Reduce Your Dependence on Discounting
Understanding the factors and accurately predicting customer responses to marketing is an area of analytical marketing that allows targeting the most likely customers to buy. These models are built by calculating various customer attributes (such as AOV, Time between orders, time since last order, number of categories bought from etc.), then putting these variables in a statistical predictive model to estimate the probability of customer coming back. The modeling technique is a separate subject, here I'd like to review how these models could be used.
- Determine target depth (How much to spend?)
- Determine target audience (Who to spend it on?)
- Differentiate offers
The topic of this post is to discuss item 3, offer differentiation. For simplicity sake, let's assume that our model produced 3 segments, High, Medium and Low propensity buyers. The average behavior of these people are given below as an illustrative example:
Segment | Population | Probability of Purchase in the next 30 days | Gross Margin Per Order | Cost per Touch (assuming $1.00 cost per piece) | Net Profit (Gross Margin – Cost of Response) | Net Profit From Segment |
High Propensity |
100 |
10% |
$50 |
$10.00 |
$45 |
$450 |
Med. Propensity |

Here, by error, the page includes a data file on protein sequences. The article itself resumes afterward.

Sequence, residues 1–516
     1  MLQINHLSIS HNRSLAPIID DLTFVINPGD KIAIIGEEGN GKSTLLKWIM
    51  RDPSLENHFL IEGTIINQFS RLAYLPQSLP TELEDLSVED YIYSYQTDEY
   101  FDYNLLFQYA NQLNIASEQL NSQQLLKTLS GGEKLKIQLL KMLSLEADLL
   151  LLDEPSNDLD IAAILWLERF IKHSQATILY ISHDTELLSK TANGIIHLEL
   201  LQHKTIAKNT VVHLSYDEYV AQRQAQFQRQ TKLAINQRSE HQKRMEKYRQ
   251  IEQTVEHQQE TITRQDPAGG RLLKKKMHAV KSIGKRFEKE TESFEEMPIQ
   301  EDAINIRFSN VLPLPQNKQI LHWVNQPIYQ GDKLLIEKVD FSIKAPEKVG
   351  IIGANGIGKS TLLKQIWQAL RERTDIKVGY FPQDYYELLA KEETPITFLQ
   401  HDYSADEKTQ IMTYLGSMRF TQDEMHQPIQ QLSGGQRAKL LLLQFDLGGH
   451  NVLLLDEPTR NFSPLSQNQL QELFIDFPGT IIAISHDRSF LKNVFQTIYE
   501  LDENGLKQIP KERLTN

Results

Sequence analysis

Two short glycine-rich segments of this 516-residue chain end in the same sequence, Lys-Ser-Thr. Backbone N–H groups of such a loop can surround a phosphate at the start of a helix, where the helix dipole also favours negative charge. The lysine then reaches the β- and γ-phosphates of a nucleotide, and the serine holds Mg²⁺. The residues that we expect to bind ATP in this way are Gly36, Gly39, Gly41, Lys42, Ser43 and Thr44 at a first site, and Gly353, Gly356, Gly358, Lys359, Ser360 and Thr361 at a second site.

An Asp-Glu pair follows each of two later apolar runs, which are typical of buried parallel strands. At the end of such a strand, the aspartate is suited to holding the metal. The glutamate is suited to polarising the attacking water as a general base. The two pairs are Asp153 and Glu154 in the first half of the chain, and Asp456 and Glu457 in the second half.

200 |
5% |
$50 |
$20.00 |
$30 |
$300 |
Low Propensity |
1000 |
1% |
$50 |
$100.00 |
-($50) |
-$500 |
Total |
$250 |
In the above scenario, there are two choices to make.
- Accept the fact that low propensity segment is "reactivation" and assume the negative cost as "reacquisition cost", reset the clock on these people and start re-measuring lifetime value on these people
- Find a way to increase the response rate of these people
Let's exercise the impact of a pricing discount to these lower propensity segments. The idea is to selectively discount for these people that minimize margin cannibalization (another important topic on this subject, however, I'll talk about this later)
Segment | Population | Probability of Purchase in the next 30 days | Gross Margin Per Order | Cost per Touch (assuming $1.00 cost per piece) | Pricing Discount | Net Profit (Gross Margin – Cost of Response) | Net Profit From Segment |
High Propensity |
100 |
10% |
$50 |
$10.00 |
0% |
$45 |
$450 |
Med. Propensity |
200 |
8% |
$35 |
$12.00 |
15% |
$23 |
$368 |
Low Propensity |
1000 |
4% |
$20 |
$25.00 |
30% |
-($5) |
-$200 |
Total |
$618 |
Notice four things;
- Due to discount, response rate have increased. This lowers the cost per touch
- Gross Margin per order has decreased due to discounting (here I used 50% gross margin prior to discount, i.e., $100 AOV)
- Net profit per order decreased per order for med. Propensity segment, but increased for low propensity segment. This is where testing will yield the optimal answer of how much to discount to generate the right behavior.
- Even though net profit decreased per order for the med. Propensity segment, since response rate increased, the total profit increased for this and total segments
Of course trial of various offers will make fine tune the outcome. The other thing to consider here is the incrementality of the profitability, which is another area I will discuss.